Dry Bones

 

DRY BONES

For the record, I wasn’t there. But I do wonder what I would have done if I had been.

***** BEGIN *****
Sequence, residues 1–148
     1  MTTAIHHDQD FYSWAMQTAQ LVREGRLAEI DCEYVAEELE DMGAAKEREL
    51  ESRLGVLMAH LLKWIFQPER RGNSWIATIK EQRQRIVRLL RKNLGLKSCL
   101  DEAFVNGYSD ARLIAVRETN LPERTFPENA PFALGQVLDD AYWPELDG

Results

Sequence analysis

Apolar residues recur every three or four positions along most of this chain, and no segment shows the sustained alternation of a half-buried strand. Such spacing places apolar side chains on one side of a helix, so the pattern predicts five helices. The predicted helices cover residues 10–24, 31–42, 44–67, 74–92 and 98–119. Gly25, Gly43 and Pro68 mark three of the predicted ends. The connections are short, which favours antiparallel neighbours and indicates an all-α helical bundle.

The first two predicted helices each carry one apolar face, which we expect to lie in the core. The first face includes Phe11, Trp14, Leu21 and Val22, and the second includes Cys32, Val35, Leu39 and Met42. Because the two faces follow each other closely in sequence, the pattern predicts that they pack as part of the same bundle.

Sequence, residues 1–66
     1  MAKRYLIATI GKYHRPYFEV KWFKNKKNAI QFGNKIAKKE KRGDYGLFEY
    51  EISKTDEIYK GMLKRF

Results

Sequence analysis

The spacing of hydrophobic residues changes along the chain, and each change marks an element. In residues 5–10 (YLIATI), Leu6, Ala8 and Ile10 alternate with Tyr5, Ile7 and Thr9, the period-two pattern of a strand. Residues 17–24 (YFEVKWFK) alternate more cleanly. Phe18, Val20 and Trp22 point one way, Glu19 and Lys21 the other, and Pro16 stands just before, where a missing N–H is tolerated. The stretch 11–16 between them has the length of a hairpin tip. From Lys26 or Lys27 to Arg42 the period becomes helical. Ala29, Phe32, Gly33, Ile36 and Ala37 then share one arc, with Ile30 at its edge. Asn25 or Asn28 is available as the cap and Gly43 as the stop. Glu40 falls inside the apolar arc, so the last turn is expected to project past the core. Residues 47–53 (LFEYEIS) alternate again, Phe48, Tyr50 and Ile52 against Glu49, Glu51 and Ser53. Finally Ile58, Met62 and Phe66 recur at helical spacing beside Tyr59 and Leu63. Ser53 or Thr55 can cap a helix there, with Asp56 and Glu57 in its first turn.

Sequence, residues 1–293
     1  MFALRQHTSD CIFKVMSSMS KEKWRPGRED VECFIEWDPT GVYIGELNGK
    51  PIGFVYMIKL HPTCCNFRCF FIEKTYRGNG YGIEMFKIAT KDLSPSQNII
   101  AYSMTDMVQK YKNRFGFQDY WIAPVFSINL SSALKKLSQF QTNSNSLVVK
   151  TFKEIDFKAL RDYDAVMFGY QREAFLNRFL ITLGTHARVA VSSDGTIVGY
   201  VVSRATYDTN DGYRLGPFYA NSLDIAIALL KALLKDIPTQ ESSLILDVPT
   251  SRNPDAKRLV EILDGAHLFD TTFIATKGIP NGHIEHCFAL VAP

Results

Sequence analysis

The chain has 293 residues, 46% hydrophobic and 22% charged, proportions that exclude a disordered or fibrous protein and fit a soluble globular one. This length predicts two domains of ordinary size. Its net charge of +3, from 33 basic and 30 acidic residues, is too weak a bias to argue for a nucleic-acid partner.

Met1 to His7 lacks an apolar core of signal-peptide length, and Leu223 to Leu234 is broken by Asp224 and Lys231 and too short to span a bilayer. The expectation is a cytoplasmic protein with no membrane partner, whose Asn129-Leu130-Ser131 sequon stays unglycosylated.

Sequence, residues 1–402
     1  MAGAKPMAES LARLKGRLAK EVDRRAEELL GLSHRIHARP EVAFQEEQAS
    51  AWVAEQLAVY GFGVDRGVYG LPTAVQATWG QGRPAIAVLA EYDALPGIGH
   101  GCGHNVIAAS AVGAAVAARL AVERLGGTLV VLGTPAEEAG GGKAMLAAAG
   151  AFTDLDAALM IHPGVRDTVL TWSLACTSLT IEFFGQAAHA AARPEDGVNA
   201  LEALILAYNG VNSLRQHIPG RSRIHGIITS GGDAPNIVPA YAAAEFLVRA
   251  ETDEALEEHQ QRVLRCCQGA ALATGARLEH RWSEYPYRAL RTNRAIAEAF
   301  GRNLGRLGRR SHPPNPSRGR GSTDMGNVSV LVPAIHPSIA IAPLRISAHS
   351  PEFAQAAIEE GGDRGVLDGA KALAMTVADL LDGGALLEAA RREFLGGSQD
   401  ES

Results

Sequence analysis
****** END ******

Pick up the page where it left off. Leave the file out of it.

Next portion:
It happened like this. I was in seminary and a number of friends were excited about a new guest faculty member who would be giving an advanced course in preaching. He was a well-known preacher, someone many had heard either from the pulpit of his large and influential congregation or as a conference keynote speaker or through his regular radio ministry or one of his many, many books. There was a sense of excitement on the part of the students taking this course from such an influential individual and a sense of jealousy on the part of many others.